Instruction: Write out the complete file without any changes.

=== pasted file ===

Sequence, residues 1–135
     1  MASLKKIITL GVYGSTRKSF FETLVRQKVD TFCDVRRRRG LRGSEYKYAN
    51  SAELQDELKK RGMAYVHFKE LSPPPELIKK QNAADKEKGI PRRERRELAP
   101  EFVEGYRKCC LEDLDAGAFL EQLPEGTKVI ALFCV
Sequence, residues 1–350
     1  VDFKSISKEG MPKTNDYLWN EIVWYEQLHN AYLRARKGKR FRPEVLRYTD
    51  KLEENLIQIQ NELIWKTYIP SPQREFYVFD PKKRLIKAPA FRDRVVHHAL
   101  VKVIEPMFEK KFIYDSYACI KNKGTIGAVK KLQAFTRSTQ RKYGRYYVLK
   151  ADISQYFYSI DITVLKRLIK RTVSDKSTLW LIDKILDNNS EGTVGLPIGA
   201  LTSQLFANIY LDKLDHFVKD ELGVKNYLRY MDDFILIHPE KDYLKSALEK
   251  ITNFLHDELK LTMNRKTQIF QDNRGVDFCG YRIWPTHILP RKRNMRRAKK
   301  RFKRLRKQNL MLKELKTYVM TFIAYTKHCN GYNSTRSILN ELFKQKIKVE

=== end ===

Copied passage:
Sequence, residues 1–135
     1  MASLKKIITL GVYGSTRKSF FETLVRQKVD TFCDVRRRRG LRGSEYKYAN
    51  SAELQDELKK RGMAYVHFKE LSPPPELIKK QNAADKEKGI PRRERRELAP
   101  EFVEGYRKCC LEDLDAGAFL EQLPEGTKVI ALFCV
Sequence, residues 1–350
     1  VDFKSISKEG MPKTNDYLWN EIVWYEQLHN AYLRARKGKR FRPEVLRYTD
    51  KLEENLIQIQ NELIWKTYIP SPQREFYVFD PKKRLIKAPA FRDRVVHHAL
   101  VKVIEPMFEK KFIYDSYACI KNKGTIGAVK KLQAFTRSTQ RKYGRYYVLK
   151  ADISQYFYSI DITVLKRLIK RTVSDKSTLW LIDKILDNNS EGTVGLPIGA
   201  LTSQLFANIY LDKLDHFVKD ELGVKNYLRY MDDFILIHPE KDYLKSALEK
   251  ITNFLHDELK LTMNRKTQIF QDNRGVDFCG YRIWPTHILP RKRNMRRAKK
   301  RFKRLRKQNL MLKELKTYVM TFIAYTKHCN GYNSTRSILN ELFKQKIKVE